Of course, other issues will arise and the above glosses over numerous other issues (which links below will address in more detail, or point to sources with much more detail.) Local populations will have to continue to demand fairness and just actions from the new capitalists in the poor countries—such as demanding wages are fair, that environmental and other social standards and concerns are observed and respected, there is no concentration of ownership in land, technology, money and so on, like there currently is in the global sense (which also needs to be addressed).
Some might fear these suggestions, thinking they are communist or something, but they are not. These are all capitalist theories. There is nothing anti-capitalist about this. Instead, it is addressing a key issue of enhancing rights (economic rights) to all. Of course, this is not saying that there should be no international trade whatsoever, but that at least for the development of the current third world, the international setting should be something along the lines of the first world assisting by trading tools that help create industry (what some call tools of production) in those countries. Adam Smith, Henry George and others have all pointed to aspects of this. Of course, politics has meant that some of these theories have been distorted from original intent, or there may even be problems within the original theories. J.W. Smith for example, highlights well that philosophically much of this is possible:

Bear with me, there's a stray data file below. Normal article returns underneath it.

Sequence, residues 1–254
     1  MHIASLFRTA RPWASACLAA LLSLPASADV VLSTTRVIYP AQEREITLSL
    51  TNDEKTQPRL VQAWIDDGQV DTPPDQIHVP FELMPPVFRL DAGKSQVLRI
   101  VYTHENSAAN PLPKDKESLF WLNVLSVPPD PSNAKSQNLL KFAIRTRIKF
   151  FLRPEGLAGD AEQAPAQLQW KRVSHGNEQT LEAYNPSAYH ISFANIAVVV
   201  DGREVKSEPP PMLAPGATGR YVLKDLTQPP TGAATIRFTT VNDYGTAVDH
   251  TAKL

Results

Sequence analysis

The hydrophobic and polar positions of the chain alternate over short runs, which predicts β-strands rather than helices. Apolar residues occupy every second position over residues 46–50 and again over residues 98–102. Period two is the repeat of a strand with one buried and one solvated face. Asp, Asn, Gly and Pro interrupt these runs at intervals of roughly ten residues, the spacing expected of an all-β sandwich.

(J.W. Smith quote above, describes in detail over 800 years of history of plunder by trade that is mentioned above, and how at the world level, the subtle monopolization of land, technology, capital etc have all come about, including the waste of wars and other factors to maintain such systems. Furthermore, he provides details on how society has unwittingly supported what has amounted to plunder of the poorer regions of the world.)
(For more about the waste aspect, also see the latter parts of this site’s section on behind consumption and consumerism41, especially the page on waste.)
So, one might naturally ask, if it is this simple why haven’t the poor done this? There is in some respects, a simple answer but one that demands a lot of explanation! The simple answer to this can be found in in things like politics, greed, dominance-politics, etc. For example, international economic institutions like the World Bank and IMF, with the influence of economically and politically powerful nations, have been able to push through policies, which are known to be destructive (as even admitted by former Chief Economist of the World Bank and Nobel prize winner. (See this web site’s section on Structural Adjustment Policies42 or SAPs, for more including links to article from Joseph Stiglitz (that former Chief Economist) and others on how SAPs creates poverty and destroys any real chance of developing one’s own nation.)